This page explains the class structure of the objects that Thing Interaction Framework and its SDK are based on.
Note that the structure presented on this page is the conceptual model unless stated otherwise, so it may be different from the class relationship in the SDK.
The following diagram illustrates the structure of thing-related classes. The structure is hidden under the
ThingIFAPI class implementation-wise.
Thing, the subject to be controlled, is represented as a subclass of the
Target. Currently, the thing is the only destination for sending commands. The concept
Targetis introduced to expand the destination in the future (i.e., sending commands to mobile applications and other types of devices).
- The thing owner is represented as the
Owner, and the
Useris defined as its subclass. The concept
Owneris introduced for expanding this relationship in the future (e.g., adding admin accounts).
Targetcan have multiple
Schema. In the SDK implementation, multiple instances of the
ThingIFAPIwill be generated and each of them will have one schema.
Targetcan have triggers, commands, and state with the multiplicity shown in the diagram.
The following diagram illustrates the structure of command-related classes.
- As explained in Action and Command Execution, the
Targetis identified as the destination for sending commands. As already explained, the
Targetis an abstraction of the
Thing. In the actual SDK, this is not implemented as a class reference. The SDK has the
Targetas an ID.
The following diagram illustrates the structure of thing-related classes.
Triggeris a class used for the trigger execution explained in Auto Execution with Triggers.
- It has a
Commandwhen you are auto-executing a command.
- It has a
ServerCodewhen you are auto-executing server code.
The multiplicity of the
ServerCodemust not be 0 at the same time. They are exclusive, so only one of them can be 1.
- It has a
Predicatecorresponds to a "predicate" of the predicate logic, and it represents a function that returns if the trigger execution condition is satisfied or not. It can have the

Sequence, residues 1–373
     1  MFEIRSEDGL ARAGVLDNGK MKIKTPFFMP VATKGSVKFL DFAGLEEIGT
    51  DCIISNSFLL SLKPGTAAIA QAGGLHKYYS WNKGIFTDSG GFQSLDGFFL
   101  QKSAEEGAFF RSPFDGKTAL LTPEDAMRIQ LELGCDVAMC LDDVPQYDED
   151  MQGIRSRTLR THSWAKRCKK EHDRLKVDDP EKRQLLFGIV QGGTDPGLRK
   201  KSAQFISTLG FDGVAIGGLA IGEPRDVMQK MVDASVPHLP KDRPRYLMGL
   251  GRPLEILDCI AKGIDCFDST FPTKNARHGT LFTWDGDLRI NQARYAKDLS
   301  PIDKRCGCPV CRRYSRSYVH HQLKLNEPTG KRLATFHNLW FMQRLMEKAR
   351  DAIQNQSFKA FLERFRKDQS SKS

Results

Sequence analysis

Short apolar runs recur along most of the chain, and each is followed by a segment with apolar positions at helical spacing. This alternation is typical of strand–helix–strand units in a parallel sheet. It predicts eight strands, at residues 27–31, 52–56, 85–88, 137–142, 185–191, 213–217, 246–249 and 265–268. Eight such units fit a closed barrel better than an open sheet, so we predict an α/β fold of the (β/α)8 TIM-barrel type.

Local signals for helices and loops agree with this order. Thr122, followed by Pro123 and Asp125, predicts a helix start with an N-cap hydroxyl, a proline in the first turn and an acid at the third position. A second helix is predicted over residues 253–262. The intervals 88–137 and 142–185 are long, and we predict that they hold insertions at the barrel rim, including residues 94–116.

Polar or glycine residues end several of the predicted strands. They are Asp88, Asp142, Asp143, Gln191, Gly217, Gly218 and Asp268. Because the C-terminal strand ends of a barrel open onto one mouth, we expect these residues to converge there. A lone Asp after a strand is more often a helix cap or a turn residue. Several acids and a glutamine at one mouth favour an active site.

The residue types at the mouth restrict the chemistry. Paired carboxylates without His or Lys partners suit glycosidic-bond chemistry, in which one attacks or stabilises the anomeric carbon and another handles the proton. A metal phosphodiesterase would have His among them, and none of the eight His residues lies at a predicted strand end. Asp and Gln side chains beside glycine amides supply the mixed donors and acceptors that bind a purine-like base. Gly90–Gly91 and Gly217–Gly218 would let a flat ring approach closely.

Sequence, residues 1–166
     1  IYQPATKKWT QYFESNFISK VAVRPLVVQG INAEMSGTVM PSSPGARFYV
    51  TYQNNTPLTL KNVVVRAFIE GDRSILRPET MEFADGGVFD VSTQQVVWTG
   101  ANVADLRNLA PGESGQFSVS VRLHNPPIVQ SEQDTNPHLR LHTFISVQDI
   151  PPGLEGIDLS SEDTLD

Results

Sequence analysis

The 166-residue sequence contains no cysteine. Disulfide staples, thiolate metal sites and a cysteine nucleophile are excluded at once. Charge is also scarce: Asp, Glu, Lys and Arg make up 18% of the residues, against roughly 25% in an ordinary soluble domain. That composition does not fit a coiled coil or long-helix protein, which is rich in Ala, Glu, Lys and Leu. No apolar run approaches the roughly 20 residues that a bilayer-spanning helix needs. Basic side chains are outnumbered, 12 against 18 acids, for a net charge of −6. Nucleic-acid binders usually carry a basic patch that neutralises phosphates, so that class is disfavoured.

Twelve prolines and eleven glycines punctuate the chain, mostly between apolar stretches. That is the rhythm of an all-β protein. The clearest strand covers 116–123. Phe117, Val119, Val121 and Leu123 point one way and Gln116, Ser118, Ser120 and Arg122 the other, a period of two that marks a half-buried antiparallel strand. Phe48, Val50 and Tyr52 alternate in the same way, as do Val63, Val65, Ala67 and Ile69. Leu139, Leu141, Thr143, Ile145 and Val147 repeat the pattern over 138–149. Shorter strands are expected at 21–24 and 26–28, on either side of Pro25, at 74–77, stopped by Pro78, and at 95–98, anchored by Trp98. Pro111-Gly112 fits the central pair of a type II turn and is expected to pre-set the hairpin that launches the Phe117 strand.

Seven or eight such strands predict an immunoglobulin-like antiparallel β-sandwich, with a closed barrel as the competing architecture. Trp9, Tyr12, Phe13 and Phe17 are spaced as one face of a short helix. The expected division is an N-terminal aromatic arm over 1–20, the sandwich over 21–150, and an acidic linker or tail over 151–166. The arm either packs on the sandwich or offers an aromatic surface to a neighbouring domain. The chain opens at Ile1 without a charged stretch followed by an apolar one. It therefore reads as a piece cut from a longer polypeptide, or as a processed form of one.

StatePredicatethat covers the state comparison based condition, the
ScheduleOncePredicatethat covers the one-time schedule, and the
SchedulePredicatethat covers the recurring schedule.
Commandwhen auto-executing the command, but this is merely the template of the command. The actual command for the execution is created using this template.
The next diagram illustrates how the
Trigger and subsequent classes are implemented in the SDK. All class names are from the Android SDK. The iOS SDK also has the same structure, but some of the class names are different.
- The relationship between
ServerCodeis the same as that of the conceptual model. You will use a pair of
SchedulePredicateas its subclass.
StatePredictefor making the state comparison has a
TriggersWheninside. As explained in State Condition, they correspond to the comparison condition (what to compare) and the execution condition (how to associate the condition to the command execution). The
TriggersWhenis the enum implementation-wise, so you will use it as an attribute of the class.
ScheduleOncePredicateto designate a time has the
scheduleAtattribute inside. As explained in One-Time Schedule, it is a time condition to execute a trigger once.
SchedulePredicateto designate a time has the
scheduleattribute inside. As explained in Recurring Schedule, it is a time condition to execute a trigger on the scheduled interval.
Clausethat is a root of the tree structure. You can define the condition using its subclasses (e.g.,
NotEquals). You can use the recursion for the